• Abdominal pain or any kind of abdominal discomfort experienced for 12 weeks. Does not have to be consecutive.
  • The abdominal pain or discomfort is a) relieved post a bowel movement b) it influences the number of bowel movement c) it brings a change in stool form and looks.
  • Presence of other symptoms such as mucus in the stool, abdominal bloating, change in frequency as well as appearance of bowel movements, uncontrollable urge to have a bowel movement, finding it difficult to pass stool.
  • If symptoms like bleeding, fever, weight loss and continuous severe pain exists, they may be indicative of other health issues.

There is no specific laboratory test for IBS. Usually a physical examination coupled with detailed analysis and categorizing the pattern and types of symptoms is done. Diagnostic tests like stool sample testing, blood tests and abdominal x-rays will be suggested to rule out other bowel disorders or exclude conditions that produce IBS-like symptoms. Further, a sigmoidoscopy or colonoscopy is done. This allows the doctor to examine the lining of large intestine. It helps detect inflammation, bleeding or tumors.

Irritable bowel syndrome treatment

There is no one treatment method that is a 'cure-for-all'. It is the symptoms that determine the method of treatment. The treatment differs from patient to patient and is always individualized. For some changes in diet can help. For others, dietary modifications along with lifestyle changes may be suggested. Use of medications are an important part of relieving IBS symptoms. Attending behavioral therapy classes helps to learn how to cope with pain and discomfort related to IBS.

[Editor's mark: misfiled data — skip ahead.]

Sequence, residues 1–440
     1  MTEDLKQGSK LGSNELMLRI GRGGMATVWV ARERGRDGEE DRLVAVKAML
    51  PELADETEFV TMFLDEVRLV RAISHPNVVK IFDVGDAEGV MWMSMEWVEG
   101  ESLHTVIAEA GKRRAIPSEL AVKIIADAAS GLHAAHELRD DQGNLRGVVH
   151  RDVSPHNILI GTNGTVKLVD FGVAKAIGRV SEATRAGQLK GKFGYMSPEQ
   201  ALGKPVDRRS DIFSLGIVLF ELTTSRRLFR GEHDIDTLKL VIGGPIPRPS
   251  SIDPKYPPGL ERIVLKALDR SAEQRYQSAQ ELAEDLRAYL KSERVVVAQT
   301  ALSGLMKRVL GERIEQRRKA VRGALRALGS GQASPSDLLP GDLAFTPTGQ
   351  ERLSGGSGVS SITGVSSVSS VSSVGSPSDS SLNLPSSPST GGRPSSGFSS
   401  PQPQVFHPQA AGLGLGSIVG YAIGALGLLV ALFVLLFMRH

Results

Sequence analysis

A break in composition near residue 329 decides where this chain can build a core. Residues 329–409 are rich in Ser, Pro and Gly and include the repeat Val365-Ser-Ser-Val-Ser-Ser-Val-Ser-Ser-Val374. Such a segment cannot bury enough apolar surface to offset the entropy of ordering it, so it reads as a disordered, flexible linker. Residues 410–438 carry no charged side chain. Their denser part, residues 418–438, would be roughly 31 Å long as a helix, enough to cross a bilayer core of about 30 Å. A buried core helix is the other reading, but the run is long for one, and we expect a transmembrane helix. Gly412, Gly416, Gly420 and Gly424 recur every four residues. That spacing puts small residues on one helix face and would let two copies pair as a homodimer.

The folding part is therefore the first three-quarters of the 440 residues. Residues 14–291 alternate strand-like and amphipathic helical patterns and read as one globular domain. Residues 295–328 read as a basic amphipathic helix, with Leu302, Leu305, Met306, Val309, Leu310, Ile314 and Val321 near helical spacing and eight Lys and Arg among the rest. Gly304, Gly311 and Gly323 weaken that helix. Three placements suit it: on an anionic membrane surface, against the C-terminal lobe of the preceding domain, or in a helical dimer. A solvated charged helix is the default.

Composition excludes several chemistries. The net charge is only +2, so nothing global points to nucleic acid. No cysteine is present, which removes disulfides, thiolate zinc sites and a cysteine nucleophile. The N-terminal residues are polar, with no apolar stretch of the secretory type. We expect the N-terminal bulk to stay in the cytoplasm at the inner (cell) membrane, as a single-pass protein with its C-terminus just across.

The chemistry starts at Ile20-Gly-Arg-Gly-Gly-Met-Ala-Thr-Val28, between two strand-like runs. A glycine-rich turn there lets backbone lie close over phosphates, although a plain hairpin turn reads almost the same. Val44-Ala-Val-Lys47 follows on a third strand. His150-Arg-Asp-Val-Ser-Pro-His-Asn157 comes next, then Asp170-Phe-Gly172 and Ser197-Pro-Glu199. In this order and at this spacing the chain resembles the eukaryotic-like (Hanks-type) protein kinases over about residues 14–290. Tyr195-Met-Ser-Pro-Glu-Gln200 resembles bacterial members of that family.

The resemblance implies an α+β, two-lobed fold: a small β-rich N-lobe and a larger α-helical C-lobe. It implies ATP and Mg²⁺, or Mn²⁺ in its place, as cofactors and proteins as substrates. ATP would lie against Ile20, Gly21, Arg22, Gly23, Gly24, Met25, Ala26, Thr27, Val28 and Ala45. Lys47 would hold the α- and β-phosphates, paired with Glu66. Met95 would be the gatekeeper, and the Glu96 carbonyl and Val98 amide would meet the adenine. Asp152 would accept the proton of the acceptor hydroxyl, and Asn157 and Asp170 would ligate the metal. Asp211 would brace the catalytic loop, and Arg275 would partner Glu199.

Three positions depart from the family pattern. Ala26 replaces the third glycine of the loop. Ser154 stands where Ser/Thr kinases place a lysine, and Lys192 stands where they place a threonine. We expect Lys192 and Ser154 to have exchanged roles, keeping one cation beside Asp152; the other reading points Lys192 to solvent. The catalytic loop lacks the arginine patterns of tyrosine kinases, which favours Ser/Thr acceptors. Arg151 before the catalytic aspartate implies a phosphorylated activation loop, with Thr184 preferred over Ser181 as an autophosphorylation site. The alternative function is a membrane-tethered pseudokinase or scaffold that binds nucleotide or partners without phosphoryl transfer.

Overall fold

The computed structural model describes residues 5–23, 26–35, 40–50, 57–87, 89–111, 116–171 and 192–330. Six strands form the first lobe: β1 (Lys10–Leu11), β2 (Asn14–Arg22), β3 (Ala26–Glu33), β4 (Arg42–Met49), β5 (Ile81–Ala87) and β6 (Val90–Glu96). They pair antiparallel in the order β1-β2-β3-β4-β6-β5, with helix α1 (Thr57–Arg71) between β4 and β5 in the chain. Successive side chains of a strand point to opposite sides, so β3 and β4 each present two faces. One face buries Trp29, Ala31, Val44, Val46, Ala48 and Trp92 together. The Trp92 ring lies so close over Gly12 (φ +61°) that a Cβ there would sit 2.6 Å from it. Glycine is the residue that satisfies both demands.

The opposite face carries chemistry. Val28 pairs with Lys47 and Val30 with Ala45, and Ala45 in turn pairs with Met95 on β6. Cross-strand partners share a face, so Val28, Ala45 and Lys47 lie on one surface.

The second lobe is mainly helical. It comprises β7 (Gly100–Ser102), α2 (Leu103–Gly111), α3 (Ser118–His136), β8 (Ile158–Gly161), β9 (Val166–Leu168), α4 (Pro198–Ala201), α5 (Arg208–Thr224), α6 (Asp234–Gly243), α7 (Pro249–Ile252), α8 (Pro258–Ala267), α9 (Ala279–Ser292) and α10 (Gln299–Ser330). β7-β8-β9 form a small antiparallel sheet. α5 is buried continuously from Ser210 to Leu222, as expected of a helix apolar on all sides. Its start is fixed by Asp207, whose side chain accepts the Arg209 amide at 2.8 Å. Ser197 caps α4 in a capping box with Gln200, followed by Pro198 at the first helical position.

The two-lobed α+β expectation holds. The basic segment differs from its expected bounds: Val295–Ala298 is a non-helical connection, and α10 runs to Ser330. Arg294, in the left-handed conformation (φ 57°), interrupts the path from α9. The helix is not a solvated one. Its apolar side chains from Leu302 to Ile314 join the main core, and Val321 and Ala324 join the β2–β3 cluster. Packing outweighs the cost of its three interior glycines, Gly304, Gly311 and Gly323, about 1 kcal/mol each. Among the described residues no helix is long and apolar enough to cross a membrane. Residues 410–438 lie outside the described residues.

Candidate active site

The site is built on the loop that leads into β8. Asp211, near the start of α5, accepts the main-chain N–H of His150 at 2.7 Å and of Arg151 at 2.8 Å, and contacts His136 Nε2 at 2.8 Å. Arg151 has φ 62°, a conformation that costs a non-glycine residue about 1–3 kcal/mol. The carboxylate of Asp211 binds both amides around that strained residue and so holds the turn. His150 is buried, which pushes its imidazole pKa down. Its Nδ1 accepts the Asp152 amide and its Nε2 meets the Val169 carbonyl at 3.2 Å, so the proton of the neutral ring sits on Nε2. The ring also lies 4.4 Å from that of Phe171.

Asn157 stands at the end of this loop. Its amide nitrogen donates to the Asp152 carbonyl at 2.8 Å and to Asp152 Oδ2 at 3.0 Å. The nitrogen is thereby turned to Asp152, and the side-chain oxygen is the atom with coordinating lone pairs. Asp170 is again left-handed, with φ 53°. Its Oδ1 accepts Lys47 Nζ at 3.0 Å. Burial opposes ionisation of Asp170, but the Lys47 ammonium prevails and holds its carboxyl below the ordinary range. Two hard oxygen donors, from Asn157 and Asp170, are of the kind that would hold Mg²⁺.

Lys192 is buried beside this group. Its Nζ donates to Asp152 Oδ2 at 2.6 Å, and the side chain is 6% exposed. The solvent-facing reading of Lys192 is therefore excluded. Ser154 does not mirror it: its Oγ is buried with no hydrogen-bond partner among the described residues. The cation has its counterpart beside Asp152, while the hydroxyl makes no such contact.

Various behavioral therapy techniques such as relaxation therapy, biofeedback, hypnotherapy, cognitive behavioral therapy, and traditional psychotherapy have been used as supplement therapy to treat IBS sufferers. Do talk with your health care provider. Review the various treatment methods. Over a period of time, as the treatment progresses, you would understand which treatment method or combination works best for you.

Irritable bowel syndrome - health tips

  • Find food items that seem to cause distress. Make a note.
  • Avoid foods high in fat. Make it a very rare, limited indulgence.
  • Eat salads after the main course. Raw vegetable with fiber may lead to IBS symptoms.
  • Food low in fat and high in carbohydrates may help.
  • Choose fruits and vegetables suitable for your digestion.
  • Eat well before bedtime.
  • Drink 6-8 classes of water. Helps digestive system to work better.
  • Change from 3 larger meals to 6 small meals a day.
  • Learn to eat slowly. Chew food well before swallowing.
  • Avoid carbonated beverages. Causes gas and discomfort.
  • Try complementary or alternative therapies diligently.
  • Do not avoid or cancel travel plans. Instead plan well before traveling.